By MARINA STARLEAF RIKER
HONOLULU (AP) - Hawaii lawmakers want to know how often police are seizing people's property, and what happens with money they make from selling it.
Right now, law enforcement can take Hawaii residents' property without a conviction as long as it's tied to a crime. Then, they can sell it and keep the profits.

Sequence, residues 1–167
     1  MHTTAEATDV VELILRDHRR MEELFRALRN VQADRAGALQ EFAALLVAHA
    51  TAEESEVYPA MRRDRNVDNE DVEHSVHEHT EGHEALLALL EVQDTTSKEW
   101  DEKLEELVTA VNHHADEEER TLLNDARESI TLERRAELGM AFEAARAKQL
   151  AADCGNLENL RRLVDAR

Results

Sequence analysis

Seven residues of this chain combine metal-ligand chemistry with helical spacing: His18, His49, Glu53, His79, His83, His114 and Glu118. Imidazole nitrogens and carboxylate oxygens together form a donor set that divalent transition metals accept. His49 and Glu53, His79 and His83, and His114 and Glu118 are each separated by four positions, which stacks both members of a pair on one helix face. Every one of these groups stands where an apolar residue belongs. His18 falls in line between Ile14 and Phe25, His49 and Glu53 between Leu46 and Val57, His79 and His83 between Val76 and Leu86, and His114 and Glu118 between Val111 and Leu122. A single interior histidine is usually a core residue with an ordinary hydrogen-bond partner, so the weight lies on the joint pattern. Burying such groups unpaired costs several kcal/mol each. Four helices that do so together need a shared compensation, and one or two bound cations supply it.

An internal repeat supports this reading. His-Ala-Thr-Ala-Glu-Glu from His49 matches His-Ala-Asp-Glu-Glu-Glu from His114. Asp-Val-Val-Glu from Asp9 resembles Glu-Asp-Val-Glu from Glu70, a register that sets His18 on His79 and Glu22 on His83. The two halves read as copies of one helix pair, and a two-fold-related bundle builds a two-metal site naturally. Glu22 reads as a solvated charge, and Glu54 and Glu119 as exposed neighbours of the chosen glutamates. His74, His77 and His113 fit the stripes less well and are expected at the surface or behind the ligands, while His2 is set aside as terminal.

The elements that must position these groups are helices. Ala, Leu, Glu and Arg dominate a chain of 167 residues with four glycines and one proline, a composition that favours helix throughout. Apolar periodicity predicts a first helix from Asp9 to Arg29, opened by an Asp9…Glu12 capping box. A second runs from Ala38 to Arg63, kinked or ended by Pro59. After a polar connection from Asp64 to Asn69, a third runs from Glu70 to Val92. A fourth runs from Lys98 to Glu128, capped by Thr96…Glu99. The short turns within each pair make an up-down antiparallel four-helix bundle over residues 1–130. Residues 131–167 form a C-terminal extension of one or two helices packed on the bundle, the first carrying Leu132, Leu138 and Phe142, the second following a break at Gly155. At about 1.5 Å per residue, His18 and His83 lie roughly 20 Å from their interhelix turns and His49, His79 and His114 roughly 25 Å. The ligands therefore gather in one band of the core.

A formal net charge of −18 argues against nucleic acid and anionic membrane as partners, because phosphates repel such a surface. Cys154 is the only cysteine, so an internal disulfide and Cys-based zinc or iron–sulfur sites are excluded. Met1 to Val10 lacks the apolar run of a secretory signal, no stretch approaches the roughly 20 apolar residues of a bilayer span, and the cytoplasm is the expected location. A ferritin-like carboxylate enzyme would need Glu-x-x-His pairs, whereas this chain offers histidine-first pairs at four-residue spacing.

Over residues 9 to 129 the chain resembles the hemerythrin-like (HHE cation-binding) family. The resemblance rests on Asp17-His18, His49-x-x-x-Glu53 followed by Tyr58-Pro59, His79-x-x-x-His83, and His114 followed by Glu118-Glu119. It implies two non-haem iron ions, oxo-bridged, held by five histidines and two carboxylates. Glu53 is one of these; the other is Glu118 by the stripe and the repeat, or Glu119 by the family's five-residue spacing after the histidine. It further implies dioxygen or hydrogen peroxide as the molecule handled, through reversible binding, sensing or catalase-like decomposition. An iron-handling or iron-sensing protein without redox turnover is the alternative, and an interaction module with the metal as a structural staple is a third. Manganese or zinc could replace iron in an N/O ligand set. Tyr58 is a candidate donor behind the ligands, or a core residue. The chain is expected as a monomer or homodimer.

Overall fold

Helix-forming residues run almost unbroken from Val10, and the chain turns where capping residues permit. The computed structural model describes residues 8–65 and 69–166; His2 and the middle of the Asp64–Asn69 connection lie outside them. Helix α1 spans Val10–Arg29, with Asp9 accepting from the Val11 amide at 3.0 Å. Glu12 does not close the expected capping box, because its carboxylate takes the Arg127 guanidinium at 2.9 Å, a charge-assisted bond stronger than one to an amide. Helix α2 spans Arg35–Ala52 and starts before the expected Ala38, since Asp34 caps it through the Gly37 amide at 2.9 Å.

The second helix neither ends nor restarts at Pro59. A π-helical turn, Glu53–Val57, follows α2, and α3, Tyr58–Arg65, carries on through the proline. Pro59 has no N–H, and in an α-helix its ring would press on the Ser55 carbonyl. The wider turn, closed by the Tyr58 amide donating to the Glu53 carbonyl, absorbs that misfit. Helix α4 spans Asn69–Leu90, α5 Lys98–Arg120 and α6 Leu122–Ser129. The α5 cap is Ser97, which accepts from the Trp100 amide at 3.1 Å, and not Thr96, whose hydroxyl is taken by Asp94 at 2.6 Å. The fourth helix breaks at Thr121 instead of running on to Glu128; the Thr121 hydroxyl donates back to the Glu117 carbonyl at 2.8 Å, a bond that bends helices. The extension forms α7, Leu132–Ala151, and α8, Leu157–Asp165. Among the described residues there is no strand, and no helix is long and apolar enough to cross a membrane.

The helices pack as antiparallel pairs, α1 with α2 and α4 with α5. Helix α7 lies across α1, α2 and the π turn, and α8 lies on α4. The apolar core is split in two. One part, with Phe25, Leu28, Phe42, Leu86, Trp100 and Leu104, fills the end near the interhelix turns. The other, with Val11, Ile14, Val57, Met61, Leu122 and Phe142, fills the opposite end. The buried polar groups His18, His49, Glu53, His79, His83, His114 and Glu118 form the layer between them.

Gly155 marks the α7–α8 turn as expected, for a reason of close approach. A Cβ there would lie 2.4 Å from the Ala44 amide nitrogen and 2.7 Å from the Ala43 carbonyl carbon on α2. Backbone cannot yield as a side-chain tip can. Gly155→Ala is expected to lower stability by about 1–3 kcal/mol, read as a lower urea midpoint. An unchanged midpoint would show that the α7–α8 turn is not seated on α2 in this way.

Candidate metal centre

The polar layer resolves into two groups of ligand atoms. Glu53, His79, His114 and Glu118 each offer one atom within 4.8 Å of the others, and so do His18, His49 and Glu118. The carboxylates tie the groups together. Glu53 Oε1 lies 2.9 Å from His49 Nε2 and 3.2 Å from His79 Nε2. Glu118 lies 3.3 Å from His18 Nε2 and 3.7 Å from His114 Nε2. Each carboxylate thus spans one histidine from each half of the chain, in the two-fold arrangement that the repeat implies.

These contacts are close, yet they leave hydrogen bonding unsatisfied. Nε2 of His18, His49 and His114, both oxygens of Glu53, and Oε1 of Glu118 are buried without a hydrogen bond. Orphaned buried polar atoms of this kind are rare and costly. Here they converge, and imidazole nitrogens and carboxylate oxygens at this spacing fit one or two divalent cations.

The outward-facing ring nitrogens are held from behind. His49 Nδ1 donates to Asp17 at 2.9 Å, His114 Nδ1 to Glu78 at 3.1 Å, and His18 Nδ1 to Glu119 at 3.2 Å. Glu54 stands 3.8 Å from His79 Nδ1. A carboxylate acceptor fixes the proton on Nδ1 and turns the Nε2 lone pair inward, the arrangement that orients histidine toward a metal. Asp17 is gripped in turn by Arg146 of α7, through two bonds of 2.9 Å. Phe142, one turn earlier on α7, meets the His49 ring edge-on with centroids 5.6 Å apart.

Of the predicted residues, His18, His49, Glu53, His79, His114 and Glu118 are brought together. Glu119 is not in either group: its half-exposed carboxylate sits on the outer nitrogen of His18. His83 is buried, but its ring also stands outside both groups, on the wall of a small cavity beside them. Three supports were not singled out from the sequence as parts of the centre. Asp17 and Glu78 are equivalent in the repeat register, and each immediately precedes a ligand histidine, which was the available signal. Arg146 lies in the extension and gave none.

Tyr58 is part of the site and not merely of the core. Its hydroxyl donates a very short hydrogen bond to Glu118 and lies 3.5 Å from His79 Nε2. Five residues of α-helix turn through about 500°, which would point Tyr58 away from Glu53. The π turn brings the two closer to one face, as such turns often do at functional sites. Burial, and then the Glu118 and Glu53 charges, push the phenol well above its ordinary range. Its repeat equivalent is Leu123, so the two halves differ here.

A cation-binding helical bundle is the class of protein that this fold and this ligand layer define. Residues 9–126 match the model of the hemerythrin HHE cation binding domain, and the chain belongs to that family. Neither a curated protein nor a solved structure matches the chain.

But lawmakers say that can promote abuse of the state's civil asset forfeiture law. In response, they're considering a resolution to ask for an audit to figure out how law enforcement and prosecutors are using money made from selling seized property. It would also examine how many times property was seized in cases where there weren't convictions.
The American Civil Liberties Union of Hawaii says the state has one of the worst asset forfeiture laws in the nation.